Taking a new pet home is one of the most exciting things in the world, but with it comes a great deal of responsibility. It is your job to feed them, exercise them, entertain them, and love them. Dropping the ball in any one of those areas could lead to illness, injury, or worse.
If you’re considering introducing a new pooch or kitty into your home, this is what you’ll need to know, to ensure you’re taking care of their dietary needs as much as possible.
Dogs vs Cats: Nutritional Needs
There is no one-size-fits-all answer for nutrition when it comes to pets. To start with, dogs and cats have very different requirements. Even two dogs side-by-side can have different nutritional needs.
Nutritional Needs for Cats
While dogs are omnivores and can eat both plant-based and animal-based foods, cats are obligate carnivores, which means that they require a primarily meat-based diet. Young pups and kittens also need different amounts of different nutrients. Kittens, for example, need foods that contain a higher amount of amino acids, particularly taurine. Without it, those kittens could face health problems such as full or partial blindness and heart conditions.
Nutritional Needs for Dogs
While cats have a rather strict and restricted diet, dogs have a more flexible menu. While meat should make up a significant portion of a dog’s diet, they can also eat grains, vegetables, and fruits. They can digest plant-based proteins and carbohydrates, but cats cannot.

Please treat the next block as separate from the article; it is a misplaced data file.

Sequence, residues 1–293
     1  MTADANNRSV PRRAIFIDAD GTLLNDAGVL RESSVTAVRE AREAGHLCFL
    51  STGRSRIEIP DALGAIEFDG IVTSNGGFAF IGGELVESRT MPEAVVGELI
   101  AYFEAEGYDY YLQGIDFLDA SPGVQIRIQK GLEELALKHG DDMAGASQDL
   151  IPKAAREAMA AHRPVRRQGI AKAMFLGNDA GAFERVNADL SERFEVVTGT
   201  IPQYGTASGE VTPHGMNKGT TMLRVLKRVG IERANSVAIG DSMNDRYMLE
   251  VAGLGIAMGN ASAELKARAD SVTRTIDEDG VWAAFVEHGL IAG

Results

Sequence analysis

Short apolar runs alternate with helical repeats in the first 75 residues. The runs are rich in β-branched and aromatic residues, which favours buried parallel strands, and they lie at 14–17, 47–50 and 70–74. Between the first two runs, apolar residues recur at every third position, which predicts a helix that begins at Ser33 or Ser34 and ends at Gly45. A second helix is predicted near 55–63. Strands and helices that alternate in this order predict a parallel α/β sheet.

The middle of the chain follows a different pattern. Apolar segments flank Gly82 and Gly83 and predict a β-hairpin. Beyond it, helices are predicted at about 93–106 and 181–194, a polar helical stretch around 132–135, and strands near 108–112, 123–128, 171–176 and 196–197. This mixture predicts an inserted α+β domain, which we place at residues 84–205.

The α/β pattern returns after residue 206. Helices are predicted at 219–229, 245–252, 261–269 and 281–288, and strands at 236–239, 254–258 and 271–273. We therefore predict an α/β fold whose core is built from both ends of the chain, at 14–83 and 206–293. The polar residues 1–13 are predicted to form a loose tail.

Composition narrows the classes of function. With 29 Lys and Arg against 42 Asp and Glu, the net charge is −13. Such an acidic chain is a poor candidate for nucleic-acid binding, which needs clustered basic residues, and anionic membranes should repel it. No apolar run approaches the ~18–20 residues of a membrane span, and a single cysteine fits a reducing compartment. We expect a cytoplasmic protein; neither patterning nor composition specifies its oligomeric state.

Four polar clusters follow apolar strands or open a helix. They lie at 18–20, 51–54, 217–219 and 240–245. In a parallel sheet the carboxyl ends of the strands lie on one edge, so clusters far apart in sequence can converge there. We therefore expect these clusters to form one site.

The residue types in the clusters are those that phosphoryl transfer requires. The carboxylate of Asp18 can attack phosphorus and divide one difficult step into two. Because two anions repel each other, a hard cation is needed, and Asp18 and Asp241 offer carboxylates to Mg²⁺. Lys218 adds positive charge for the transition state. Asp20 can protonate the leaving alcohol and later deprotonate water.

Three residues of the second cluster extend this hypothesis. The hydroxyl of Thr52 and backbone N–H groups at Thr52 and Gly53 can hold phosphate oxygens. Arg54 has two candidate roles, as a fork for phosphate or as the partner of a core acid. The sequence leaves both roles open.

High-quality proteins are important for your pampered pooches. This includes animal sources such as:
- Fish – whitefish and salmon particularly;
How to Pick High-Quality Food for Your Dog or Cat
Cat and dog food that has “complete” and/or “balanced nutrition” in the name contains all nutrients that your pet will need.
For dogs, complete food will contain a mix of water, minerals, vitamins, fats, proteins, and carbohydrates, in the right amounts. Carbohydrates provide energy for dogs, but they should be consumed in moderation. High-quality sources of carbohydrates for pups include brown rice, sweet potatoes, and oatmeal. On the other hand, cats have a limited need for carbohydrates in their diet, and they get most of their energy from protein and fat. Protein is an essential nutrient for both dogs and cats, as it helps to build and repair tissues, maintain muscle mass, and support the immune system. High-quality sources of protein include meat, poultry, fish, and eggs.
Other nutrients that dogs need include:
- Linoleic acid;
- Vitamins A, D, E, and K (they produce vitamin C on their own);
- Complex B-vitamins;
Cats need many of the same nutrients, but they require amino acids, such as taurine, especially at juvenile age. It is important for maintaining heart and eye health. Taurine deficiencies can lead to serious health problems, so it’s important to ensure that your cat receives enough in their diet.
Taurine is also considered an essential amino acid for dogs, meaning that they require it in their diet, as they cannot produce it themselves. Taurine is found in many different types of meat, particularly in muscle meat such as chicken, beef, and lamb.
It’s important to provide your pet with food specifically made for their age group – puppy or kitten age, one year plus, seven years plus, senior age, etc.
Cat and Dog Portion Sizes
As well as serving up the right food, it’s also important to feed your pets the right portion sizes. Overfeeding can lead to obesity and other health problems, while underfeeding can result in malnourishment and weakness.